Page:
Not even remotely relevant.

PSU PCB have very thick traces.

If motherboard manufactures are forced to use thicker traces, cost might go up a little.

I'm more concerned about how they plan to deliver the 300W thru the tiny little pins on the PCIe slots.

It doesn't look like it can handle that much current.
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post #49 of 151
Quote:
Originally Posted by TheLAWNOOB View Post

Quote:
Originally Posted by KyadCK View Post

Quote:
Originally Posted by MrStrat007 View Post

Quote:
Originally Posted by Raketkirurgen View Post

4x75 is not anywhere near 1000+...
Also they might make the move to 12VDC, which potentially won't make traces involved at all.

I meant total power draw through the motherboard. Those of us who have 2x 300-Watt GPU's which have been OC'ed past that limit and overclocked CPU's as well, that's a lot of power flowing through one component. 8x75 = 600 + whatever the CPU is at, figure another 150-200 at high clock, 800ish is not far from 1000...

Traces will always be required so long as power needs to move from point A to point B. Whether they're on an outside layer or sandwiched somewhere in the middle we don't and won't know but they would still be needed.

Doesn't seem to bother you that the PSU PCB already does this. Or that GPUs do this. 295X2 is fine, and it runs like 500w in far under half the space.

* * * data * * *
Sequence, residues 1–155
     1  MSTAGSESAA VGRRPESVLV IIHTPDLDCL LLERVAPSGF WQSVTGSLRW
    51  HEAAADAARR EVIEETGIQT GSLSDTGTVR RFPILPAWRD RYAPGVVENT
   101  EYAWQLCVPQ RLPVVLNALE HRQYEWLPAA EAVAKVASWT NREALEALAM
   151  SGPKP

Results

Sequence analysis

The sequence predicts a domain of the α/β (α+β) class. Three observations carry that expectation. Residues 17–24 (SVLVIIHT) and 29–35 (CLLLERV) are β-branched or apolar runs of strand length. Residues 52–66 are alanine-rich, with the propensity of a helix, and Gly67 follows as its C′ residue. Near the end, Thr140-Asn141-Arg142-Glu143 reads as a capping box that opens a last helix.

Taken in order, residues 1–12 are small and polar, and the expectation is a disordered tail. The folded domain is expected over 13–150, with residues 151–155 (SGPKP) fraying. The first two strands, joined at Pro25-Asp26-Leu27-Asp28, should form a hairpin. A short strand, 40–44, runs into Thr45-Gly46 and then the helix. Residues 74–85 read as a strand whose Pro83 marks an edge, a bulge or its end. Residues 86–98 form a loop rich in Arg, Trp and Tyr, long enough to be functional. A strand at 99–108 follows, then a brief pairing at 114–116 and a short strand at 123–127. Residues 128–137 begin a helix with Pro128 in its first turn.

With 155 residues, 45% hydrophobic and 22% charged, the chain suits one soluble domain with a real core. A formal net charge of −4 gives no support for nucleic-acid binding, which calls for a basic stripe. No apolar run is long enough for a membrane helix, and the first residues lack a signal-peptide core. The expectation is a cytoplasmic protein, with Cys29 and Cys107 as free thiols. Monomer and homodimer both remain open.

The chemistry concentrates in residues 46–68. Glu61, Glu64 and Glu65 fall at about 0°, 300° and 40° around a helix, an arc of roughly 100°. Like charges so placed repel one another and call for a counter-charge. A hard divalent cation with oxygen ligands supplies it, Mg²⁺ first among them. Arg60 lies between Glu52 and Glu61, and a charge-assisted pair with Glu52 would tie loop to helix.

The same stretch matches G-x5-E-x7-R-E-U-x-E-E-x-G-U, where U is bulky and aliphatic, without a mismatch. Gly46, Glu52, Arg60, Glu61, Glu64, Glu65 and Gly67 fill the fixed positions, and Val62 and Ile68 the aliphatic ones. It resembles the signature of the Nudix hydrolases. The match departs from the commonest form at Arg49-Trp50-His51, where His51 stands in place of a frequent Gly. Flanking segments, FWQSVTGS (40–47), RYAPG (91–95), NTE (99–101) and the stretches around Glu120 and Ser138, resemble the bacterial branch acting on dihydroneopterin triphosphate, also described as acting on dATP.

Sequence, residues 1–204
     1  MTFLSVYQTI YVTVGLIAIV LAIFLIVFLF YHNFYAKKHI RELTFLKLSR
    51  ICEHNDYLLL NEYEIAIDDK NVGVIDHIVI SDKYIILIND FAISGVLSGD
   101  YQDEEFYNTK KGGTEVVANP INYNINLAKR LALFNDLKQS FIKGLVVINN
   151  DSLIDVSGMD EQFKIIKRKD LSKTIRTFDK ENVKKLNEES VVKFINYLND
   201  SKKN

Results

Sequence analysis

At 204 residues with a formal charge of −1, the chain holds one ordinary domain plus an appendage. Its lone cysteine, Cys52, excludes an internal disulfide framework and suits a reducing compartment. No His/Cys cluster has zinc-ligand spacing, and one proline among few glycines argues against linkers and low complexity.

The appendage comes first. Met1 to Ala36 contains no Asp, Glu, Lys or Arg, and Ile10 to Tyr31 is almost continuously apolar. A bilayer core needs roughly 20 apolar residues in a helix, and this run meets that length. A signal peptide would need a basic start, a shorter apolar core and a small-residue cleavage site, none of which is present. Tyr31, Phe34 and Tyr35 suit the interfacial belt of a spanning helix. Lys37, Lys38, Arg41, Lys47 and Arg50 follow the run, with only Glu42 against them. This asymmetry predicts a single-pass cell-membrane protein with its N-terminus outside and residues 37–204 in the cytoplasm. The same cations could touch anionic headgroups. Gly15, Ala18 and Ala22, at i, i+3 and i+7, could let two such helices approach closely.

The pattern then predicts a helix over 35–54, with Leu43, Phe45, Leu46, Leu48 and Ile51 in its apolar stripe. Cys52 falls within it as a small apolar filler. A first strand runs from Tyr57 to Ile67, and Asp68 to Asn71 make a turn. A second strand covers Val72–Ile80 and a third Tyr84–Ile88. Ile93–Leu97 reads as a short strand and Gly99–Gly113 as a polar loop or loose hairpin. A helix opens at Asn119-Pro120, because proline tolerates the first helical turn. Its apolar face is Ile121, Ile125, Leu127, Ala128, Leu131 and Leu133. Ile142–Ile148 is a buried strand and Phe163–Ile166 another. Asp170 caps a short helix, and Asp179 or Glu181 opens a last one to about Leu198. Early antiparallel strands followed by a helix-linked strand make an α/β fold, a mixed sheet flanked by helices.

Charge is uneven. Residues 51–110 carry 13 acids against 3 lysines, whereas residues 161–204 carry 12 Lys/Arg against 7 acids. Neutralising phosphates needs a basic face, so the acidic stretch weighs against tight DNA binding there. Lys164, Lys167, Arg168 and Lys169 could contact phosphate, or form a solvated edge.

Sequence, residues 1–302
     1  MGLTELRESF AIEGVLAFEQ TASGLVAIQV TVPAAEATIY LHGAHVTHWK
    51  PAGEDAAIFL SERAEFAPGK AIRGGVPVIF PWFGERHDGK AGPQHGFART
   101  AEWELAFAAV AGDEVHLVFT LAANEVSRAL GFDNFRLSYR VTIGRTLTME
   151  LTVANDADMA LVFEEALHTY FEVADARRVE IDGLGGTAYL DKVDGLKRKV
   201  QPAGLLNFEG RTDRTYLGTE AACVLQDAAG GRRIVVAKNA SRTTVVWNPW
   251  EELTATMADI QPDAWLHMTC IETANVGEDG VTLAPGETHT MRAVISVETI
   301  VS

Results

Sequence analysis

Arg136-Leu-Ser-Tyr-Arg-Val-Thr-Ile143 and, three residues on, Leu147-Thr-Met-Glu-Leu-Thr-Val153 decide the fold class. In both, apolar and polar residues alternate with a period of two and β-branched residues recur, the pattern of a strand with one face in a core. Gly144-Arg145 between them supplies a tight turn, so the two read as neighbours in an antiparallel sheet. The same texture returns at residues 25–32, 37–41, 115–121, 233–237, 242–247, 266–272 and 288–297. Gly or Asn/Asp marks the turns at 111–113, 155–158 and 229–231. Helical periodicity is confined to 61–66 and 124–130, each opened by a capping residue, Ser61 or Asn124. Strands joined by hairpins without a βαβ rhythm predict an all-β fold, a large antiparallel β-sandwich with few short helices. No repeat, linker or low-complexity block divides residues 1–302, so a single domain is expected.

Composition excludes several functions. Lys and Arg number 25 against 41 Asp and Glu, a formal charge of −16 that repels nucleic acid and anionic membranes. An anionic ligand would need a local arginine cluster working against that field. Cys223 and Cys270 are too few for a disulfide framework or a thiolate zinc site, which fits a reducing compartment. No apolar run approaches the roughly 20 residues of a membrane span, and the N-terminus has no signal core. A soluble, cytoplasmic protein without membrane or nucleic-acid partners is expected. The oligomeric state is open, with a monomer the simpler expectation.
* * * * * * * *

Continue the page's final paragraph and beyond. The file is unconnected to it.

Quote:
Originally Posted by PontiacGTX View Post

Then HPC will either go with AMD incoming interconnect or Nvlink?

Not even remotely relevant.

PSU PCB have very thick traces.

If motherboard manufactures are forced to use thicker traces, cost might go up a little.

I'm more concerned about how they plan to deliver the 300W thru the tiny little pins on the PCIe slots.

It doesn't look like it can handle that much current.

75W can be done using the V12 lines you see here at 15w per pin. They need to make 20-40 of these pins, which could be done by expanding the slot to the "back" without breaking physical compatibility, or by adding an extension similar to PCI-x, or simply by re-purposing pins and deciding what is used based on startup chatter like most cards currently do.
Quote:
Originally Posted by PontiacGTX View Post

Quote:
Originally Posted by KyadCK View Post


Not even remotely relevant.
why not if they are supposed to deliver 3x-5x Bandwidth PCIe2/3?

1) AMD has no such solution.
2) The entire point of using PCI-e is that it is universal, like USB.
3) Absolutely no one but IBM supports NVLink, and even then only on custom chips.
4) AMD will never support NVLink.
5) Intel will never support NVLink.